Shammi Kapooraankh mein kaajal, mooh pe pasina ..yaala, yaala dil legayi Lata Mangeshkar & Manna Dey sing for Mala Sinha & Shammi Kapoor

He was a very physical actor – i am sure if you tied up his hands he would not have been able to talk. Legend has it that he ended up dislocating some bones in singing this song. He was trying to keep pace with Mohd.Rafi’s singing.

He had a fine flair for comedy. Though the comedy was also intensely bumbling and physical – the pie on the face kind of comedy. And he was very good at it. This scene in Professor, never fails to crack me up

He was romantic. the Ufff kind of romantic …what woman can say no to a man like this.

And, he could sizzle … passionately sizzle …Dil tera dewana …

and, Raat ke Humsafar with Sharmila Tagore in the film an Evening in Paris

And, he could sulk, and sulk and sulk and sulk …. till the heroine made up, and of course he would accept her eternal love. In that sense he reminded me more of Bhaloo the bear in the Jungle Book than the macho hero :D Here is Ameeta trying to get a sulking Shammi Kapoor to smile

There was no one – then or now – who could quite move like him on the dance floor. the women who could match him step to step – jhatka for jhatka were only two – Helen & Mumtaz


Aaja Aaja Mein hoon Pyar Tera – Shammi Kapoor & Helen

Shammi Kapoor & Mumtaz in Bhramachari … boy could they move

Baar Baar Dekho – Shammi Kapoor - am told that narrow trousers made a comeback after this song :D

No piece on Shammi Kapoor can be complete without talking about Mohammed Rafi – When you hear Rafi Sahab sing for Shammi Kapoor, he managed to capture all the energy, the playfulness, and joy of life that Shammi Kapoor brought to all his roles.

Shammi Kapoor – Jawaniyan ye Mast Mast … I truly love this song the ultimate road song.

And, finally, the song that was the ultimate Shammi Kapoor descriptor

My play list for SHammi Kapoor on Youtube is here – it is work in progress.

http://www.youtube.com/p/21AE4BB5C1E7BEF0?version=3&hl=en_GB&fs=1

Jun 222010
 

A few days ago, I read that Jose Saramago had died.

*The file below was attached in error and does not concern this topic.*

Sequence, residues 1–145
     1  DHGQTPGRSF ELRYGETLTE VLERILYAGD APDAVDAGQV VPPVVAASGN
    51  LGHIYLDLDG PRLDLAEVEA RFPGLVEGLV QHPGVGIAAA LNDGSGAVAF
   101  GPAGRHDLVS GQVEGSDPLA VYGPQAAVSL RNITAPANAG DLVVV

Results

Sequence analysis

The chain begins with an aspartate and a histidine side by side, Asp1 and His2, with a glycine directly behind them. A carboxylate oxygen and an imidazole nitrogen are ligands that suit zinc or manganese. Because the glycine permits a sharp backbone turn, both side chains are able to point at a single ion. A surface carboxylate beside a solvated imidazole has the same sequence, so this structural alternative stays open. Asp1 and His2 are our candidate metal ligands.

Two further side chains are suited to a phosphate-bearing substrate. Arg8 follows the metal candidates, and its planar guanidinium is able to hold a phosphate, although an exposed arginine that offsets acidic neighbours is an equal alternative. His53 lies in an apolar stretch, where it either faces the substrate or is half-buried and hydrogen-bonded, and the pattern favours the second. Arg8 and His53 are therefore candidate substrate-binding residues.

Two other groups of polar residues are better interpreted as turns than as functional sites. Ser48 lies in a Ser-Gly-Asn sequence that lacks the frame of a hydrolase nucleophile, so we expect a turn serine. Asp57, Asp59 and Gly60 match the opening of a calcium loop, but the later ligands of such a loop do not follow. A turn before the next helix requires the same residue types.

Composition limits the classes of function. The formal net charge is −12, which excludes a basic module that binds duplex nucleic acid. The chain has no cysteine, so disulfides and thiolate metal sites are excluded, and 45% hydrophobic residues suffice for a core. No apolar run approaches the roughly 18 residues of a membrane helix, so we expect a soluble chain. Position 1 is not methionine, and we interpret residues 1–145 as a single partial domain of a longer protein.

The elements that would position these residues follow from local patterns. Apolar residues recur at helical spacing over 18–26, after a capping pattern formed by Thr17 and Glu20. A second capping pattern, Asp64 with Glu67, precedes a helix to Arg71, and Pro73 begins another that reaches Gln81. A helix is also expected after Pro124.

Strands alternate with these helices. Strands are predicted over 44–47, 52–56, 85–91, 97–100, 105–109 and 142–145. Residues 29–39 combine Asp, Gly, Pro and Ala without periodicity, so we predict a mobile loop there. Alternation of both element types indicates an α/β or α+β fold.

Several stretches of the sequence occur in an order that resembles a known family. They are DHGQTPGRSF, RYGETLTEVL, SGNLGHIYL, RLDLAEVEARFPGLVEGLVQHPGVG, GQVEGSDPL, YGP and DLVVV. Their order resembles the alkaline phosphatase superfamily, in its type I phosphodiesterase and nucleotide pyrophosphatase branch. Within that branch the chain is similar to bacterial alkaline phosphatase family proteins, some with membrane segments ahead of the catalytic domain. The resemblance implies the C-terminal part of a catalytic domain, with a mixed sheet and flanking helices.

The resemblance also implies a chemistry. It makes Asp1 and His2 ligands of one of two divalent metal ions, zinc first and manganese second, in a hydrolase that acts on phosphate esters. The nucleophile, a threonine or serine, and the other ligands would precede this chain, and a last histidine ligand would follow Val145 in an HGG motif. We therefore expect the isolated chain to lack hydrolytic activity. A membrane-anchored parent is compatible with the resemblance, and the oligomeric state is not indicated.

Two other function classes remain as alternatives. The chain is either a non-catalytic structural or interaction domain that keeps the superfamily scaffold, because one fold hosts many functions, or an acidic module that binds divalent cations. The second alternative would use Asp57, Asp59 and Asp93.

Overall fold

I first came across Saramago’s works nearly 20 years ago, when I chanced upon a copy of “The Gospel According to Jesus Christ”. It was a fascinating and thought provoking book. It was the first time that i read some thing that could be considered ‘blasphemous‘, though it wasn’t the last. Though, at the time I read it, I neither realised the extent of blasphemy nor the price the author had to pay for expressing it.

The Jesus that Saramago wrote about, was deeply human and terribly vulnerable. He wanted the things that everyone else wanted- peace, security, happiness, a partner, and children. However, divine chess between God and the Devil, ensured that he was martyred. Funnily enough, the Devil in the book, comes across as far more sympathetic than God. The God in this book is much more like Indra than like Ram, manipulative rather than beatific.

The next book that I read was Blindness. I reacted to it the same way that I reacted to Lord of the Flies – with a certain kind of nauseated fascination. While theoretically one knows that ‘culture’ and ‘civilization’ are not even skin deep – it is the rapidity and brutality with which it unravels in both stories that disturbed me. It is almost as though morality and conscience are cloaks that we wear, without really internalizing either.

I bought seeing a few years ago, and i have to confess that i still have to read it. Somehow reading Saramago requires a lot of attention and concentration – and the last few years have left me empty of both.

Saramago, has one of the most interesting narrative styles that I have ever read. It is long sentences, with very few full stops. I line is possibly a page:) often sections seem like the inner ramblings of a lead character – but, it is difficult to say, since there are no ” ” marks .

Saramago introduced me an entire range of writers who were writing in Portuguese and Spanish – including Isabella Allende, Marquez, Paz, Llosa – and my life and views are better for that!

Jun 152010
 

Got this mail from Patrix in the wee hours of this morning

We are shutting down DesiPundit effective midnight (CST) June 15th, Tuesday. It has been a fun five years and we have enjoyed every moment. We wish to thank all Community Members for sharing your content with our readers and I hope we managed to win you some readers.

Over at DesiPundit, people have moved on to other things and time & resources haven’t been as plentiful for those who have remained. The Indian blogosphere and presence on other social media networks has expanded greatly and in our experience, it is no longer possible for human-powered aggregators to keep up; at least on a part-time volunteer basis.

We all will be around on our respective blogs and Twitter accounts and will continue to reading your excellent blogs.

Thank you for reading and contributing.

regards,
DesiPundit

It was a long journey from the blogmelas from almost a decade ago, to Desi Pundit… and now, like all good things, it comes to an end.

i personally, made some good friends. read some interesting blogs – and finally moved away from MSM.

Good luck to all that put Desipundit together. and thank you for all the effort.

btw that (mis) quote is from the Hitchhiker’s Guide to the Galaxy